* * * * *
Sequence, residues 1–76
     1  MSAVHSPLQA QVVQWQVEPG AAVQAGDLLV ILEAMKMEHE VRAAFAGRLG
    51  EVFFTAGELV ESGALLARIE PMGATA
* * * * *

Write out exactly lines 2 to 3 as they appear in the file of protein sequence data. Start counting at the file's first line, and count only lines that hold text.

     1  MSAVHSPLQA QVVQWQVEPG AAVQAGDLLV ILEAMKMEHE VRAAFAGRLG
    51  EVFFTAGELV ESGALLARIE PMGATA